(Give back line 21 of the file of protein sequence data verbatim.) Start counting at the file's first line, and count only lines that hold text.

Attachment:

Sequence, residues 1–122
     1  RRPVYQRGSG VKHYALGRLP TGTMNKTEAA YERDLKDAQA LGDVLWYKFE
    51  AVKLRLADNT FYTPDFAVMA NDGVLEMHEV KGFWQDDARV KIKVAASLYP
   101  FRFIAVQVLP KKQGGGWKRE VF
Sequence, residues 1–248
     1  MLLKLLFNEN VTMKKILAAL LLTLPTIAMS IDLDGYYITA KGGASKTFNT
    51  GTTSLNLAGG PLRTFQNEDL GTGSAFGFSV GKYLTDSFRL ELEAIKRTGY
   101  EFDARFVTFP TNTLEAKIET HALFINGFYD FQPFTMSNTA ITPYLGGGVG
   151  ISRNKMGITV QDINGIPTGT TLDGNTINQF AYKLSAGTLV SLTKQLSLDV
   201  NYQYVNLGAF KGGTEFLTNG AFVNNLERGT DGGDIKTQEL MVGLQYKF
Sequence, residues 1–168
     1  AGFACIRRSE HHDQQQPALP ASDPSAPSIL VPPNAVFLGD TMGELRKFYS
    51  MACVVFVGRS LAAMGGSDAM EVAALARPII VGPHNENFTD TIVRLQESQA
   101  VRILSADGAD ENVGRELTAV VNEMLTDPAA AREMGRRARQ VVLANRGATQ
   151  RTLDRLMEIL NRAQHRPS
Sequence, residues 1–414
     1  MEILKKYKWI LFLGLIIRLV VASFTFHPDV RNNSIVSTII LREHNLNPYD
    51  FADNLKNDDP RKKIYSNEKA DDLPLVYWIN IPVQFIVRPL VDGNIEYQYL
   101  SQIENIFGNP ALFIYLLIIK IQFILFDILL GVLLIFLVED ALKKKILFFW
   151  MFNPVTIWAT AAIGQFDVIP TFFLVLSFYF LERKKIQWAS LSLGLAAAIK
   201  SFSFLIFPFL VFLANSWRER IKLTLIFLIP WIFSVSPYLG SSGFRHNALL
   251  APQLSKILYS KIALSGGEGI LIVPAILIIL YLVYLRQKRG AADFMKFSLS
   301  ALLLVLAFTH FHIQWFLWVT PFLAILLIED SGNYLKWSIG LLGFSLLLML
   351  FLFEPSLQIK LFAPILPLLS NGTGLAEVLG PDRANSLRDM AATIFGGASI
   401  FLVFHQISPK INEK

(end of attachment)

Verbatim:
   201  SFSFLIFPFL VFLANSWRER IKLTLIFLIP WIFSVSPYLG SSGFRHNALL